It is in this vein that Prof. Jan asked, pointedly, what it means to talk about the humanities in a place like Kabul right now. What does it mean to teach and study the humanities in Pakistan, given that humanities majors in the United States go on to futures in the military industrial complex, foreign policy, and the corporate worlds that have directly produced the kinds of the precarity and economic deprivation seen in places like Kabul and Karachi? How can we talk about global humanities and their democratic ideals, when some global players are responsible for the destruction of humanity and democracy of others? The result, according to Jan, is simply disinterest: students subscribed to a pragmatic, economic, market-driven certainty about their own future, represented by a commitment to computer science and engineering, feel the very existence of a humanities core to be irrelevant to them. Jan responds by telling students upfront that his class “is probably one of the most useless classes that you’ll ever take. So if you don’t have to take it, don’t.” In simply refusing the question of the value or purpose of the humanities, Jan is then able to contemplate different kinds of intellectual avenues that do not rely on capitalist notions of utility to collectively vision new futures with his students.

Yet, as long as these debates about the value of humanistic teaching continue to be held within an (elite, privately-funded) U.S. frame, we will necessarily privilege certain arguments, certain narratives. Even when initiatives like HumCore intentionally open out to center scholars from institutions like Habib University, the op-eds and books that circulate to perpetuate and shape this discussion within the United States and beyond still emerge from a narrow group of thinkers. Prof. Rahimieh acknowledged as much, recounting exchanges with Iranian colleagues who are more eager to teach Western histories of comparative literature than those that unfolded at Tehran University, along with U.S. institutions’ readiness to privilege applications to their graduate programs from international students who nonetheless recapitulate methodologies and approaches from the Global North, perpetuating the entrenchment of the discursive center as distinctly American.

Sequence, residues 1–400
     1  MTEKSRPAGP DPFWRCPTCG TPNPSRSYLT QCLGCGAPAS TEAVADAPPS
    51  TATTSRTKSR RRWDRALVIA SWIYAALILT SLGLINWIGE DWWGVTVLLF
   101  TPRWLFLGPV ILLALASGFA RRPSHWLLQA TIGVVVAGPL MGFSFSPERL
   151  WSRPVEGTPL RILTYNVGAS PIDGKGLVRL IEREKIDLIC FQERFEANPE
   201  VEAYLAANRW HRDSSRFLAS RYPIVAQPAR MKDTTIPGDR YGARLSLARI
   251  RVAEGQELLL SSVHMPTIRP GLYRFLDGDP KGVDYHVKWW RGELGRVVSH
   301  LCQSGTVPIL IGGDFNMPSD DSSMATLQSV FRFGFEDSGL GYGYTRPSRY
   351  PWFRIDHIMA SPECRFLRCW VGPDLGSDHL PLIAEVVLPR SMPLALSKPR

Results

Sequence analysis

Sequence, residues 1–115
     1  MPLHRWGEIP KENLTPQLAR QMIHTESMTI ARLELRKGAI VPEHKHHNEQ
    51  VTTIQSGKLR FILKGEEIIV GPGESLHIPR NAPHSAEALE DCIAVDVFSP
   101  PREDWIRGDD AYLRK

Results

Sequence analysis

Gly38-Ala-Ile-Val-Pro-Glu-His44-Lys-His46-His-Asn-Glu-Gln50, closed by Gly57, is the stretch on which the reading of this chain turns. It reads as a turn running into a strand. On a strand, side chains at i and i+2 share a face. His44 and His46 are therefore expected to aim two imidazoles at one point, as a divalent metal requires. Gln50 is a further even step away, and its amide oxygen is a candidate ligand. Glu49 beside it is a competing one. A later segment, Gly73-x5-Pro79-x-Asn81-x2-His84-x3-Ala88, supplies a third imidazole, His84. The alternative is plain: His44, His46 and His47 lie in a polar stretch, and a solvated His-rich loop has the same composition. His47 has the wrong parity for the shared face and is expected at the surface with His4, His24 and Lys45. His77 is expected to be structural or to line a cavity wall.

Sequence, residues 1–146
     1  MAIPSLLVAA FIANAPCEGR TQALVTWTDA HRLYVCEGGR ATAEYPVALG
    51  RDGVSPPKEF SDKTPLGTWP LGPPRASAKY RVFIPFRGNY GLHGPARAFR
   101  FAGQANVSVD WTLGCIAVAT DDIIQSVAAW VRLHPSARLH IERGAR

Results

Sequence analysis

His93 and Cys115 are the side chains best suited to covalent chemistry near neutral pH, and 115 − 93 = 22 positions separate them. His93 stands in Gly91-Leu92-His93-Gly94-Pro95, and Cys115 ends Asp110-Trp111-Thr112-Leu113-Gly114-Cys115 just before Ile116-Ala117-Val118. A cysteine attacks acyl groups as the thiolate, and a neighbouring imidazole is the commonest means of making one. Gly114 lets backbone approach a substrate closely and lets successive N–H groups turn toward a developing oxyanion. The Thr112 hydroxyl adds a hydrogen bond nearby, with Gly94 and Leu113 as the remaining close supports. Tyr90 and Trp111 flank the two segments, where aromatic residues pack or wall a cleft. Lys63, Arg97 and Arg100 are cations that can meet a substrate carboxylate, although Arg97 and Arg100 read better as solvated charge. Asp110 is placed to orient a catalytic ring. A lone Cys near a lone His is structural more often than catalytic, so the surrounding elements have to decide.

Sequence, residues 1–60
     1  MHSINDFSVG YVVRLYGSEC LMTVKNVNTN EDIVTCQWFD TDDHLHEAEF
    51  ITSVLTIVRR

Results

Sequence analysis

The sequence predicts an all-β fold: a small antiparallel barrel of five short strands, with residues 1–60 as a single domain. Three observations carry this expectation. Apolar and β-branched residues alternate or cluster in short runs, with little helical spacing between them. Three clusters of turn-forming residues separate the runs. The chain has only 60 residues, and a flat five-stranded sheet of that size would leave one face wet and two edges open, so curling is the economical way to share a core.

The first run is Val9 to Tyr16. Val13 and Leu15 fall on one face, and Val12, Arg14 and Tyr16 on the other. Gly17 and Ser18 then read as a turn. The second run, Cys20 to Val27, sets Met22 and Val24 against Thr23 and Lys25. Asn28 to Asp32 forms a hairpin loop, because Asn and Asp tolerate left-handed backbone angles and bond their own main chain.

Shifting the discussion to remember that “it’s not always about us,” as Rahimieh put it, is perhaps a first step in tackling our own participation in this hierarchy. Though the HumCore workshops are but one small effort in making this shift, those of us at Stanford are nonetheless privileged to be able to participate in this deeply necessary movement.

The discussion continues on the next post, available here.

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Comparing Literatures: Arabic, Hebrew, Persian, Turkish, Urdu